Digital painting on the go

Concept artist Arturo Gutierrez G. offers practical advice for painting digitally on the go...

Concept artist Arturo Gutierrez G. offers practical advice for painting digitally on the go...

Digital painting on the go is a practice that has only very recently become possible in a practical way, that could even equate a complete workstation. Even if you dont have an iPad Pro, the simple fact of going out to draw or paint on a laptop or sketchbook is a great practice for artistic growth!

Digital painting usually requires digital tools in a digitally unfriendly location. We must accessorize to protect our tools, make sure that battery life lasts long enough, try to protect our eyes from straining to get the screen color right, and protecting our backs by acquiring good equipment and postures. I use the iPad Pro (as of March 2018) with the Apple Pencil as stylus, but the general tips would apply to other digital companions, so to speak.

This is a recent image by Mattias Snygg, an artist in a group of artists that started painting on the Nintendo DS! It was the first time I saw digital painting on the go.
© Mattias Snygg

Protecting our tools

Our target is to be able to use our iPad Pro for as long as possible in a consistent way. I have an aunt that is very interested in art, so if I paint, she will want to see it up close. The thing is, she is kind of clumsy with her hands, so a good case for the iPad is necessary, as well as a protective cover.

iPad covers vary widely in price and protective capability. A good thing to keep in mind is what kind of places you will be visiting. If you are an artist that enjoys painting volcanic magma from live eruptions, you might need a slightly tougher cover than the Starbucks painter.

Using your iPad and painting on the go, means you can set up shop anywhere! This image was made using Procreate & Photoshop
Crystal Gunslinger by Jason Nguyen

Battery life is painting life

If our battery dies, digital painting on the go dies as well. Things you probably wont need as much while on an outing: WiFi. Turn off your WiFi and dim the screen display to work in your particular lighting conditions. A good rule of thumb to know when to stop is to be able to tell the bright and dark details in this painting by Even Amundsen.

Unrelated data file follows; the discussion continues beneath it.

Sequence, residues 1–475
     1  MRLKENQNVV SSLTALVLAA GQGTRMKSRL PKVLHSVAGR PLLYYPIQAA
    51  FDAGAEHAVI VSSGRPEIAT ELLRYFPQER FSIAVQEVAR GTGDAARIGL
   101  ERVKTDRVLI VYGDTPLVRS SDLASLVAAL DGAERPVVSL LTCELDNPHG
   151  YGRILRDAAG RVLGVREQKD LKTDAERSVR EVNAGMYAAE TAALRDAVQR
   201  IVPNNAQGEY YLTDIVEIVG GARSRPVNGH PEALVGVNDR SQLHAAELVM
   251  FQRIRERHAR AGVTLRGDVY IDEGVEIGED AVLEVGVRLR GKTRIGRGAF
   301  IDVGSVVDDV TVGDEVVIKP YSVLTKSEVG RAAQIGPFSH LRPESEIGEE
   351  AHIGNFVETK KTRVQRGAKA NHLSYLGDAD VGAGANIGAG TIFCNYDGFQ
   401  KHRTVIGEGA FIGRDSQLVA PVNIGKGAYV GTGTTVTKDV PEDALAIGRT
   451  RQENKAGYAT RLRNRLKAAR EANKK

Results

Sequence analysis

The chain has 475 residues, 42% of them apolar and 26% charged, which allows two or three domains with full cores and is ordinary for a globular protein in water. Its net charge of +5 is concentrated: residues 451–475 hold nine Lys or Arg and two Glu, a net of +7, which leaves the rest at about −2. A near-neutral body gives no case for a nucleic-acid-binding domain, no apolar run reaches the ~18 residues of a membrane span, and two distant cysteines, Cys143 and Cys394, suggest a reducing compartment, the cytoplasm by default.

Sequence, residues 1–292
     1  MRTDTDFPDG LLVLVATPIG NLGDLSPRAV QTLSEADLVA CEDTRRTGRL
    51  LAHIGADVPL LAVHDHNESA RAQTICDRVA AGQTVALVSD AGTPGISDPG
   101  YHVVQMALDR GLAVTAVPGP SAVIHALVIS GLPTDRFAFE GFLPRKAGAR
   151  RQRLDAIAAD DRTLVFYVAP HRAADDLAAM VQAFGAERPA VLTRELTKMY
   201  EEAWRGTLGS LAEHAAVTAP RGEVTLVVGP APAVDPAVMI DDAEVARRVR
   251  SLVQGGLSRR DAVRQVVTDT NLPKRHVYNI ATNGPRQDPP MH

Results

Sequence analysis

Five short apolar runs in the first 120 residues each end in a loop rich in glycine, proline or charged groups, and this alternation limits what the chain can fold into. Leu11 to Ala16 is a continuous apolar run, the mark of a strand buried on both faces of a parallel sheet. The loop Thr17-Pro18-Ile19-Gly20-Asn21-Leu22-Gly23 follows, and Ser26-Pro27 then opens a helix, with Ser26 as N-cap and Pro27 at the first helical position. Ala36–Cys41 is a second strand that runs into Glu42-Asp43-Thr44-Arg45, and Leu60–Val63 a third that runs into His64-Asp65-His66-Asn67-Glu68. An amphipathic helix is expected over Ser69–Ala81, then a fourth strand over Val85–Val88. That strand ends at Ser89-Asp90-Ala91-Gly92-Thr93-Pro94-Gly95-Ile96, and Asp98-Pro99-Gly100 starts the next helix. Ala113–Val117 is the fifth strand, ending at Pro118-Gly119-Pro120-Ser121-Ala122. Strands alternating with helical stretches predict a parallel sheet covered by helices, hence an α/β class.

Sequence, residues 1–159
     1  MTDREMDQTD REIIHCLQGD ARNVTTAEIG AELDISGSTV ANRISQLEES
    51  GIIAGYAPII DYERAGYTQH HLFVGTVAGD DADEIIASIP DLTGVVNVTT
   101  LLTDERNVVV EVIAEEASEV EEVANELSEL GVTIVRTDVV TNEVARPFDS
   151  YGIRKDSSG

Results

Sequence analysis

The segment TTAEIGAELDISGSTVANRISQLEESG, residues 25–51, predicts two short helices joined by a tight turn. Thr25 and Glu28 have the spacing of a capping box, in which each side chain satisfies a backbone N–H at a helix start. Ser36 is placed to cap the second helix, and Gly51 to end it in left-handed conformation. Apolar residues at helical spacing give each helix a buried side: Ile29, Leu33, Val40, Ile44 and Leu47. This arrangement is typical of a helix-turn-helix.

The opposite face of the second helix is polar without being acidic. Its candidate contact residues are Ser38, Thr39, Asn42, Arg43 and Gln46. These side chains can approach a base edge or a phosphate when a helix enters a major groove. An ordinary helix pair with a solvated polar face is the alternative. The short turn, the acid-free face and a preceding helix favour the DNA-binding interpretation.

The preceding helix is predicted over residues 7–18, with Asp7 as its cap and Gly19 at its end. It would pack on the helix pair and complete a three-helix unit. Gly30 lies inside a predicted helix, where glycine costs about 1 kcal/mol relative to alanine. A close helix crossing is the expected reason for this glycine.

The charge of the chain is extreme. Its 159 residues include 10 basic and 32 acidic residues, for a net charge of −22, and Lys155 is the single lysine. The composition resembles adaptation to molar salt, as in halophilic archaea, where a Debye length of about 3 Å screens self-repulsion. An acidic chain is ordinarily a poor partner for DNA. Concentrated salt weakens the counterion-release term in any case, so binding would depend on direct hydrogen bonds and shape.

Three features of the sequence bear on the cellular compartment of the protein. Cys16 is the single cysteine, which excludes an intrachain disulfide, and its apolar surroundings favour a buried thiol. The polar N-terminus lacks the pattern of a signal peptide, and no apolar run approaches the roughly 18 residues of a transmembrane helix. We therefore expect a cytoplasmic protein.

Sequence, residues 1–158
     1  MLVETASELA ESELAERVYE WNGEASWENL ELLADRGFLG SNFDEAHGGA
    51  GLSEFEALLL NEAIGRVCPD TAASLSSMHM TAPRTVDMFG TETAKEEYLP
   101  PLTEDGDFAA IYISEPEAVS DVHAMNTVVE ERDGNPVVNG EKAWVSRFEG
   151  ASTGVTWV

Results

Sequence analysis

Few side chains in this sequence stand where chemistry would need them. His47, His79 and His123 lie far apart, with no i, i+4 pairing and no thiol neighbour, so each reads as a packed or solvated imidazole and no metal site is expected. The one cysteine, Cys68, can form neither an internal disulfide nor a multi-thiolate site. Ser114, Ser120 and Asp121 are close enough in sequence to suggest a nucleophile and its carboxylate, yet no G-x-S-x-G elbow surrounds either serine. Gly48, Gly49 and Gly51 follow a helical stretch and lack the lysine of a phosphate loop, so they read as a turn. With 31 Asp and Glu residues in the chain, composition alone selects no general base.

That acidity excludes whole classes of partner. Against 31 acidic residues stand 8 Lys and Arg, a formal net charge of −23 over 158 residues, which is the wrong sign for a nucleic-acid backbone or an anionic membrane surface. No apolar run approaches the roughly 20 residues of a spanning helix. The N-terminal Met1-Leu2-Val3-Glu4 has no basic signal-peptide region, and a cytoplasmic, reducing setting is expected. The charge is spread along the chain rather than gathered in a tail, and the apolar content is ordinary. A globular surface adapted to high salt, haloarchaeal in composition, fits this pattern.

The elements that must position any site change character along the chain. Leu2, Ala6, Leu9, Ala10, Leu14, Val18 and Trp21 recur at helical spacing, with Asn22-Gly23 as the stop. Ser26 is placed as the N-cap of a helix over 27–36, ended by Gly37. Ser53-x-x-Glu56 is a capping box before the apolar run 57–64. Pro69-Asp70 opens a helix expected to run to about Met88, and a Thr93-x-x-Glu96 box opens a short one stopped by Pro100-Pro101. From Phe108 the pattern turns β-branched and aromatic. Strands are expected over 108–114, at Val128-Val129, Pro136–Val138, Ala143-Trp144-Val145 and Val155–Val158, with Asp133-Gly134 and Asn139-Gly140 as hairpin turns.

Even is an artist that enjoys being able to move freely along with his workstation. He uses Procreate in the iPad Pro.
The Troll King's Treasure by EvenAmundsen

You can also avoid having too many apps open at the same time, or switching between them; this vastly reduces battery life and concentration! Take your captures if you need, but edit and upload them later.

This piece was made in Procreate and then exported as a PSD file to finish it up! Being on the go doesnt mean not using your tools.
Rocks and River by Amir Zand

Another option is to carry battery banks that are completely charged up. If you do have battery banks, use them up until the point they are necessary. If the iPad is at 81% battery, wait. 5% battery? Go for it. This will make both battery lives last longer, and use less battery cycles (which matter or not, depending on your station).

Jana is a concept artist that uses Procreate constantly on the iPad Pro
ArtStation Masterclasses - Jana Schirmer

Eye protection

As an artist I am drawn to the weird lighting conditions of the universe, but sometimes a regular midday sun will be just as cool... or blazing hot... and bright. Screen glare can be harmful, and direct sunshine on your equipment is said to reduce its life (yes, I read usability instructions).